Samra, A.; Gidea, C.; Malik, T.; Sikand, N.; Montgomery, R.; Lonze, B.; Reyentovich, A.; Saraon, T.; Soomro, I.; Goldberg, R.; Tatapudi, V.; Ali, N.; Moazami, N.; Mattoo, A.
Solid-Phase C1q/C3d Fixing Readouts Correlate with High Median Fluorescence Intensity (MFI) De Novo Donor-Specific HLA Antibodies and C4dâº Antibody-Mediated Rejection in Kidney Transplant Recipients
Tatapudi, Vasishta S; Kopchaliiska, Dessislava; da Gente, Gilberto J; Buenaventura, Owen F; Singh, Manpreet; Laszik, Zoltan; Adey, Deborah B; Rajalingam, Raja
BACKGROUND Solid-phase assays to investigate the complement-activating capacity of HLA antibodies have been utilized to optimize organ allocation and improve transplant outcomes. The clinical utility of C1q/C3d-binding characteristics of de novo donor-specific anti-HLA antibodies (dnDSA) associated with C4d-positive antibody-mediated rejection (C4dâº AMR) in kidney transplants (KTx) has not been defined. MATERIAL AND METHODS Sera from 120 KTx recipients that had dnDSA concurrent with protocol/cause biopsy (median 3.8 years after transplantation) were screened for C1q and C3d-binding dnDSA. The difference in the incidence of C4dâº AMR between recipients with and without C1q/C3d-binding dnDSA was assessed. RESULTS Over 86% of dnDSAs were class II antibodies. The immunodominant dnDSAs characterized by the highest median fluorescence intensity (MFI) in most recipients were HLA-DQ antibodies (67%). Most recipients (62%, n=74) had either C1qâº (56%), C3dâº (48%), or both C1qâºC3dâº (41.2%) dnDSA, while the remaining 38% were negative for both C1q and C3d. Of those with C1qâº/C3dâº dnDSA, 87% had high-MFI IgG (MFI=14144Â±5363 and 13932Â±5278, respectively), while 65% of C1qâ»C3dâ» dnDSA had low-MFI IgG (MFI=5970Â±3347). The incidence of C4d+ AMR was significantly higher in recipients with C1qâº (66%), C3d+ (74%), and C1qâºC3dâº (72%) dnDSA than in those with C1qâ»C3dâ» dnDSA (30%) recipients. Recipients with C3dâº/C1qâº dnDSA had higher C4dâº scores on biopsy. CONCLUSIONS C1qâº/C3dâº dnDSA were associated with C4dâº AMR and high-IgG MFI. Our data call into question the predictive utility of C1q/C3d-binding assays in identifying KTx recipients at risk of allograft failure. In conclusion, IgG MFI is sufficient for clinical management, and the C1q/C3d-assays with added cost do not provide any additional information.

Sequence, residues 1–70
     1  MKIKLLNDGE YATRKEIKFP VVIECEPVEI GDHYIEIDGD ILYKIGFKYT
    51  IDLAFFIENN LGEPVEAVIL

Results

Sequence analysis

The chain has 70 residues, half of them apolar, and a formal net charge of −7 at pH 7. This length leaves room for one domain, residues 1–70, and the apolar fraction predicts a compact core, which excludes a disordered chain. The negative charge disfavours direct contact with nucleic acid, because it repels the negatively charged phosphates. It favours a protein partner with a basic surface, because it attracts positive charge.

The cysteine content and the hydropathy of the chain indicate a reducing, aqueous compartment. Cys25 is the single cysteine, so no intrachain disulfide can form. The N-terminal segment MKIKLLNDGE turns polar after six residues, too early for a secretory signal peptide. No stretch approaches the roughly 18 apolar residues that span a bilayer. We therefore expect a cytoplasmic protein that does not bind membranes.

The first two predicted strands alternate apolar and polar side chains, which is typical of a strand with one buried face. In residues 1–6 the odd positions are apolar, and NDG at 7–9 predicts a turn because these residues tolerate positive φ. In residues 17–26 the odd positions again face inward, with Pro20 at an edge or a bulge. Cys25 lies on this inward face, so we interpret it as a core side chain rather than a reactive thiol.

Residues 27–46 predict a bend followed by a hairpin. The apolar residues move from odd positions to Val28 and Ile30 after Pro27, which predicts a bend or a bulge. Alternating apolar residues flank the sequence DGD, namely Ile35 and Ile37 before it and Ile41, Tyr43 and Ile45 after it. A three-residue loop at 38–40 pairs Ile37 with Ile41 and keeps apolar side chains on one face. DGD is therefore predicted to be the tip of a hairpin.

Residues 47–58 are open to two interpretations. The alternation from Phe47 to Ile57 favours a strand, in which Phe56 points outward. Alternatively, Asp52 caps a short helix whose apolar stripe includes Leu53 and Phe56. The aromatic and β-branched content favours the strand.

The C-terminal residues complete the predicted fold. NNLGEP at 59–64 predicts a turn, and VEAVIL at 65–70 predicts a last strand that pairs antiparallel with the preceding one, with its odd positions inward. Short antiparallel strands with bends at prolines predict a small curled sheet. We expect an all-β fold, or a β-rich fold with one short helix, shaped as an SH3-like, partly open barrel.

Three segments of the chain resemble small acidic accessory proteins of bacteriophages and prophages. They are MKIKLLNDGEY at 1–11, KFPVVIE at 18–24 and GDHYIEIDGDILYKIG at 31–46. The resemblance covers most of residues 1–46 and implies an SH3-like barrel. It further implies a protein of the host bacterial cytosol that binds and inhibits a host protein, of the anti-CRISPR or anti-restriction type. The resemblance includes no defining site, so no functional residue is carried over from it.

Impact of the 2014 kidney allocation system changes on trends in A2/A2B into B kidney transplantation and organ procurement organization reporting of donor subtyping
Stern, Jeffrey; Alnazari, Nasser; Tatapudi, Vasishta S; Ali, Nicole M; Stewart, Zoe A; Montgomery, Robert A; Lonze, Bonnie E
The current kidney allocation system (KAS) preferentially allocates kidneys from blood type A2 or A2B (A/A2B) donors to blood type B candidates. We used national data to evaluate center-level performance of A2/A2B to B transplants, and organ procurement organization (OPO) reporting of type A or AB donor subtyping, in 5-year time periods prior to (2009-2014) and following (2015-2019) KAS implementation. The number of centers performing A2/A2B to B transplants increased from 17 pre-KAS to 76 post-KAS, though this still represents only a minority of centers (7.3% pre-KAS and 32.6% post-KAS). For high-performing centers, the median net increase in A2/A2B to B transplants was 19 cases (range -2-72) per center in the 5 years post-KAS. The median net increase in total B recipient transplants was 21 cases (range -17-119) per center. Despite requirements for performance of subtyping, in 2019 subtyping was reported on only 56.4% of A/AB donors. This translates into potential missed opportunities for B recipients, and even post-KAS up to 2322 A2/A2B donor kidneys may have been allocated for transplantation as A/AB. Further progress must be made both at center and OPO levels to broaden implementation of A2/A2B to B transplants for the benefit of underserved recipients.